‘To India? You’ll get sick’. It is with this sentence, accompanied by a smirk that betrayed a wish more than a simple prediction, that our friends responded to our announcement of a trip to India.

At first we found the reaction annoying, patronising even, but then we decided it was fair enough: if we were unwillingly annoying them with our travel plans, then they were allowed to take revenge wishing us the Delhi belly – travel boasting is, I believe, a terrible sin and friends are there to keep you in check.

But the fact that we understood where they were coming from with this,  didn’t mean we didn’t feel a particular kind of pleasure when we came back from India without having spent one single day sick. Against everyone’s predictions, we were blessed during our whole Indian journey with great health and appetite, that we indulged with food from restaurants, street stalls and indeed train vendors.

Indian has always been one of my favourite cuisines, but despite my very many attempts, even after that trip, I never managed to get even close to recreating that wonderful taste in my kitchen. Or, I should say,  I never managed until last week, when  a friend of mine of Indian origins shared with me her mum’s recipe for chicken curry.

If an Indian mommy gives you a recipe for curry you can be pretty sure it is going to taste amazing and indeed, it was a revelation: my kitchen, my humble European kitchen was able to produce, with this recipe, an absolutely amazingly delicious chicken curry. You don’t believe me? I dare you to try to make it.

This is her overly delicious chicken curry recipe

Raw ingredients for the curry sauce

Raw ingredients for the curry sauce


Main ingredients for 4 people:

  • Chicken breasts cut into thick chunks (3 pieces per breast): I took the liberty of using chicken oyster tights instead, deboned and with no skin and they worked really well
  • 3 potatoes quartered lengthwise
  • 2 medium tomatoes, chopped
  • 1 medium onion, chopped
  • 4 garlic cloves crushed
  • 3/4 tsp crushed fresh ginger
  • 1 thumb sized piece of cinnamon stick
 Dried Spices:
2 bay leaves
1 star anise
3 cardamon pods
4 cloves
Powder spices
3 flat tsp chilli powder
2 flat tsp gharam masala
1/4 tsp turmeric powder
vegetable oil (to coat the  bottom of the pan)
curry leaf
fresh chilli according to taste
salt to taste

Heat the oil in a pan: the best ones to use are non-stick, heavy bottom ones. Add bay leaf, star anise, cardamon pods,  cloves and onions. Fry all  until  the onions are  golden brown (try to keep the heat not so high that they burn). Add ginger and garlic and fry for 30 seconds, then add chilli powder, gharam masala, cinnamon and  turmeric powder. Mix well.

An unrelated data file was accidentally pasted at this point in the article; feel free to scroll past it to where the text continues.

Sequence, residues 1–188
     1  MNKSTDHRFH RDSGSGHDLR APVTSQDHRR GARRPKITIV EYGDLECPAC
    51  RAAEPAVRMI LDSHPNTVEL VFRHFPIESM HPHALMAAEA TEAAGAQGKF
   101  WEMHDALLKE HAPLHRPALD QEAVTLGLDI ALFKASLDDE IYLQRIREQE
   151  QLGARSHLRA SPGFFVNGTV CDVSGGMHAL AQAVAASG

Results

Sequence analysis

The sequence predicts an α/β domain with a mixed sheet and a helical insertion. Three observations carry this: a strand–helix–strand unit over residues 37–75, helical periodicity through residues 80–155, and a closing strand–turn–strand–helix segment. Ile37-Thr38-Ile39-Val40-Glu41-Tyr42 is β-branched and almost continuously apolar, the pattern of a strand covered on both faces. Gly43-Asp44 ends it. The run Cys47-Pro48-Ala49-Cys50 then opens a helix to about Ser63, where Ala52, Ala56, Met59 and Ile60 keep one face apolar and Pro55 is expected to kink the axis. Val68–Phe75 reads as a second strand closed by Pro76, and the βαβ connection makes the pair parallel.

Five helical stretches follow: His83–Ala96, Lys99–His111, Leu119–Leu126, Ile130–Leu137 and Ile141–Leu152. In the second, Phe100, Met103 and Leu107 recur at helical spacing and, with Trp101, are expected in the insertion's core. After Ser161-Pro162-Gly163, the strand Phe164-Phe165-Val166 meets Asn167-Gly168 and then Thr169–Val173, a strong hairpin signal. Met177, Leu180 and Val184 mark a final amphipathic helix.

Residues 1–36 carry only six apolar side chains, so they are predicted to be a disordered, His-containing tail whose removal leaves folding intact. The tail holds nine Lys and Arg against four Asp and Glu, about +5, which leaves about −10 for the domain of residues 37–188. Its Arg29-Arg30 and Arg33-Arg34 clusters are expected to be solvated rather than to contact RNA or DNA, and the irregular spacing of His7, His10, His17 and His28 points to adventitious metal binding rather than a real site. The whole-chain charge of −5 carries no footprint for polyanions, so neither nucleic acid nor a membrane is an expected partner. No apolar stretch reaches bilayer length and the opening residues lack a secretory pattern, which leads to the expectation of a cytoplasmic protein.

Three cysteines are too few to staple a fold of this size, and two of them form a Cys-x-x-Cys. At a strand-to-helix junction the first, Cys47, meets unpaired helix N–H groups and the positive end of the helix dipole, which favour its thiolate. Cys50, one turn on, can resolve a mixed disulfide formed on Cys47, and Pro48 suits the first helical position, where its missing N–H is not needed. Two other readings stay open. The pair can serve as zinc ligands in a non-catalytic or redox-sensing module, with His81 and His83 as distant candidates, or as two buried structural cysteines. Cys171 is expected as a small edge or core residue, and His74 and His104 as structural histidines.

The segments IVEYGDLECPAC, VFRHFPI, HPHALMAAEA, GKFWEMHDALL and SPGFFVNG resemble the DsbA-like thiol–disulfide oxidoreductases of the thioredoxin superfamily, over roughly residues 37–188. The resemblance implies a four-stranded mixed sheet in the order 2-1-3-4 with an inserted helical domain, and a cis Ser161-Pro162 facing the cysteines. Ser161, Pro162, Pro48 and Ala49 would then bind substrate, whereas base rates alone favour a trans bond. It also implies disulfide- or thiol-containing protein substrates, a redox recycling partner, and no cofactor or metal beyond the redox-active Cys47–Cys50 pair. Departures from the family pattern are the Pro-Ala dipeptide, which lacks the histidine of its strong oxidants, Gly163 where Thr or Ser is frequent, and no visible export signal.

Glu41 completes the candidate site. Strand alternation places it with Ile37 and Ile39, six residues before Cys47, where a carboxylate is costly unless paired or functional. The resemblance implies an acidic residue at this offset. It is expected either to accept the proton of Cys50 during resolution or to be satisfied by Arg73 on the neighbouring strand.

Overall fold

Add the chicken and fry on high heat for 3 minutes or so, until sealed, then add the potatoes, tomatoes and the curry leaf.  Finally salt and chilli to taste.


Mix well, cover with a lid and cook until potatoes are soft – check regularly to make sure there is enough liquid and the ingredients are not sticking to the pan: If necessary, add little boiling water from time to time and immediately cover the pan again not to disperse the heat.

While the curry cooks, make your homemade roti:

Ingredients for the roti

  • 2 cups flour
  • 3 tbsp vegetable oil
  • 1 and 1/4 cup boiling hot water

Use a heat resistant bowl to mix the ingredients to form a soft dough. Paying attention not to burn your hands with the hot water, knead the dough for about ten minutes (don’t skive off, the result is not the same if done for less!) – you will soon have a very smooth, non-sticky dough. Roll the dough into the shape of a long sausage and then break it down golf ball size pieces and roll out. Roll each of the balls out on a surface covered with flour to form very thin sheets of dough.


Heat up a non-stick, heavy bottom pan and toast one roti at the time in it: place the first roti in the pan and leave for about 30 seconds on one side. Flip and let it cook for a little longer: you will soon see that the roti will start ballooning (literally!): this is normal, but you should knock out the air to make sure the roti stays flat. To do that you can use a spoon or a previously cooked roti. Roast until one inside is brown, then flip again and cook the other until golden on both sides. As soon as the first roti is ready, rest it on a teatowel, covered, and rest subsequent roti on top of the first one. When all ready, use them as a wrap around your delicious chicken curry.


So, what do you think? I do hope you try this recipe and if you do, let me know how it comes out!


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